Auto Repair & Tires Blog
Saturday, February 25, 2017, you’ll save money on every tire in stock at all Mountain View Tire and Auto Service locations in Southern California.
Wet roads are very dangerous when your tires have shallow tread. The grooves in your tires can’t funnel the rainwater fast enough, and you end up riding on a sheet of water with no control over your steering.
Scary? You bet.
Don’t risk your family’s safety. Stop in Saturday, February 25th and we’ll measure your tread depth free of charge. If you need new tires, you’ll save money, no matter which models you choose.
As of the date of this blog post, there’s a good chance that Los Angeles will get some rain within the next few days: 80% on Thursday; 60% on Friday; 60% on Sunday.
And February will be here before you know it. That’s Southern California’s wettest month.
The rainy forecast means that it’s very important to have the tread depth of your tires checked as soon as possible.
In drier climates like ours, it’s easy to let your tire tread wear down to unsafe depths because your tires don’t need to funnel a lot of rainwater.
But once the rain comes, you could easily find yourself on a wet highway with very little traction and no control over your vehicle.
The video above delivers good information, including tips on how to handle your car when it starts hydroplaning. You'll need to click the YouTube link within the player to watch it.
Then, pull into any Mountain View Tire and Auto Service location for a free check of your tread depth and tire pressure. It’ll only take a few minutes, and what you learn could prevent a serious accident.
I’ve got somethin’ stuck in my craw.
I’m not exactly sure where my craw is or what its capacity might be. I just know there’s an irritant firmly wedged in there at the moment. And that irritant is this: drivers who hang out in the left lane refusing to pass.
Actually, “hanging out” in the left lane is probably generous. It seems like they’re more interested in establishing a permanent residence.
I can’t count how many times I’ve found myself stacked up behind a relatively slow left-lane driver lately. It’s as if, all at once, the physical laws governing the functionality of rear-view mirrors no longer apply. Because if they could see me behind them - brights-a-flashin’ - those drivers would surely move to the right, right?
Like the law in 28 other states, California’s says you shouldn’t be in the left lane if you’re driving slower than vehicles in the right lane. Even if you're driving the speed limit in the left lane and vehicles in the right lane(s) are moving faster than you are, you’re still at fault. And, if I may, pure evil.
Here’s the actual text from the California Driver Handbook:
“To drive faster, pass, or turn left, use the left lane. When you choose to drive slowly or enter or turn off the road, use the right lane.”
Pretty simple, really.
If you’re not interested in helping to evacuate my rapidly filling craw, you should still keep right to stay safe. Take a look at the quick video below. It explains how slow left-lane drivers - and the responses they prompt from other drivers - can lead to accidents.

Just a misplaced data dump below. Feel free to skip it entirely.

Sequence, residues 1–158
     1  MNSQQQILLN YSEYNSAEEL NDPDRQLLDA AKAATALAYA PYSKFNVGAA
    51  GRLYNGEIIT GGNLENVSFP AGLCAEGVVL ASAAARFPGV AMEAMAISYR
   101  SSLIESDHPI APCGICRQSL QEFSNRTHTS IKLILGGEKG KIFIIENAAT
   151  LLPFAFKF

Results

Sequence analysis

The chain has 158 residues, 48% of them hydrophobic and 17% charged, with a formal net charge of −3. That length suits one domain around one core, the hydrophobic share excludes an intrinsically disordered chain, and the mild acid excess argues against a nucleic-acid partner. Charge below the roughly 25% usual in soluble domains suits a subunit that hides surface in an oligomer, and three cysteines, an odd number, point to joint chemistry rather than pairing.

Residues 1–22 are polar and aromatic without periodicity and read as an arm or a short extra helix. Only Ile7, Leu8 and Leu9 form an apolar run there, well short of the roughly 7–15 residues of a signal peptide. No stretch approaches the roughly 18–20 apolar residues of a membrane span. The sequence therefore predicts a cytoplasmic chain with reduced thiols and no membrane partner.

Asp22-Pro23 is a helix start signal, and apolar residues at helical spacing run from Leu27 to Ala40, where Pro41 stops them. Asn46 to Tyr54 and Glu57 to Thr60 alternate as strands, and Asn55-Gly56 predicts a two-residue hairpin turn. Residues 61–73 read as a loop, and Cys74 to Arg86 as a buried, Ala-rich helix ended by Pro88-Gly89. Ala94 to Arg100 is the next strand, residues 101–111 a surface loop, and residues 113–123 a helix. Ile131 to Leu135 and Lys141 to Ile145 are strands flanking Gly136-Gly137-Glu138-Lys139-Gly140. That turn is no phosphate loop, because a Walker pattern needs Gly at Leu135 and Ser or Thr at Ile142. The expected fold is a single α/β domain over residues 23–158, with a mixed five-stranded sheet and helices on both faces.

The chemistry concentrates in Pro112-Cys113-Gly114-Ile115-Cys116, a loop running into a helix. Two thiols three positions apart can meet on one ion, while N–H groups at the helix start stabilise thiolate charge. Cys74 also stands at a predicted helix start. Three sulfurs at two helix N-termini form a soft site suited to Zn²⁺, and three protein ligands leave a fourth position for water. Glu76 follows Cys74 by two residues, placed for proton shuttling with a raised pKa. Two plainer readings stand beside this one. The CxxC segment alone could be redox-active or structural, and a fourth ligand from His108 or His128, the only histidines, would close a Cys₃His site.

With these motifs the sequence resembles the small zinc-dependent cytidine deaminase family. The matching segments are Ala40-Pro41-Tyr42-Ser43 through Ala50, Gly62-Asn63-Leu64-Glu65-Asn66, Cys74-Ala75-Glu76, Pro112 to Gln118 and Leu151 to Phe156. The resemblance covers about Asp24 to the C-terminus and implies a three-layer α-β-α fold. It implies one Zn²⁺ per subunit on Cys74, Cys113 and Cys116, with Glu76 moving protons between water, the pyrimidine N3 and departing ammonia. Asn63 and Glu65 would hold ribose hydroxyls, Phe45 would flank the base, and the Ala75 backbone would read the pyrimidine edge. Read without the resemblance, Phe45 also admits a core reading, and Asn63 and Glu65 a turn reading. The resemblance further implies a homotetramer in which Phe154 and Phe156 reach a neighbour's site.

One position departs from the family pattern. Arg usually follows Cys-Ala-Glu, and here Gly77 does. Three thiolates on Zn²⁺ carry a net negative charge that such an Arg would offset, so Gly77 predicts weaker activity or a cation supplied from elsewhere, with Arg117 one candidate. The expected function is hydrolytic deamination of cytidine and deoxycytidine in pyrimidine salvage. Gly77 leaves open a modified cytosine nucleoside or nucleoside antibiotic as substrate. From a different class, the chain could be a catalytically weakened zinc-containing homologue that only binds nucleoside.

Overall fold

A study released in September by AAA and the Automobile Club of Southern California's Automotive Research Center shows no correlation between the use of higher-priced premium gasoline and improved performance in vehicles that are designed to run on regular unleaded fuel.
Yet, says AAA, 16.5 million American drivers used premium gas needlessly more than 270 million times over the previous 12 months. That amounted to more than $2.1 billion in unnecessary spending.
“Premium gasoline is specifically formulated to be compatible with specific types of engine designs, and most vehicles cannot take advantage of the higher octane rating,” said Megan McKernan, manager of the Automotive Research Center.
Only 16% of vehicles driven in the U.S. require premium gasoline. Seventy percent need just regular unleaded gasoline.
To determine which grade of gasoline is best for your vehicle, check the owner's manual.
For more information, read the article on the AAA website.
Is there a car guy on your Christmas list? Does your wife love NHRA drag racing? Did you draw the name of the office gearhead for this year's Secret Santa?
If so, you might appreciate our fourth annual gift guide for car lovers.
We don't sell any of these products, so we can't vouch for their quality, but you can learn more about them by clicking on their names or images.
Porsche: Origin of the Species ($42.30)
There are plenty of great coffee table books about cars. With a quick online search you're sure to find a title that appeals to your gift recipient's specific interest. This one is highly rated on Amazon and features a foreword by Jerry Seinfeld.
Mustang Belt ($25.95)
Know someone who likes Ford Mustangs AND keeping his pants up? Then this gift is a smart choice. The buckle is an authentic seat belt buckle. Also available: Jeep, Volkswagen and Corvette.
Tire Clock ($42.50)
In 1601, Shakespeare wrote, “Why hasn't someone put a clock inside a tire yet?” Well, someone has. And we're sure just about any car lover will appreciate this gift.
NHRA Women's T-Shirt ($30)
Is there a lady in your life who loves fast
cars? Then make sure she can wear this
heather grey t-shirt to her next drag racing event. It features the world-famous NHRA logo in rhinestones.
Transmission Print ($10.95 - $43.95)
This print features a 1927 drawing of a transmission that Henry Ford submitted to the U.S. Patent Office. It's available in seven sizes, from 8.5 x 11 to 24 x 36.
Remote-Controlled Ferrari ($29.99)
It's not every day you can buy a Ferrari for under 40 bucks. This would be a fun gift for both kids and kids at heart. And you don't need to add it to your insurance policy.
When it comes to buying tires, no one wants to make a snap decision.
So, to give yourself plenty of time to make an informed choice, start researching new tires when your current tires have 4/32nds of an inch of tread left. We'll be happy to measure your tread depth for you, or you can insert a quarter head-first in between each row of tire tread. If you can see any space above George Washington's head, it's time to start shopping.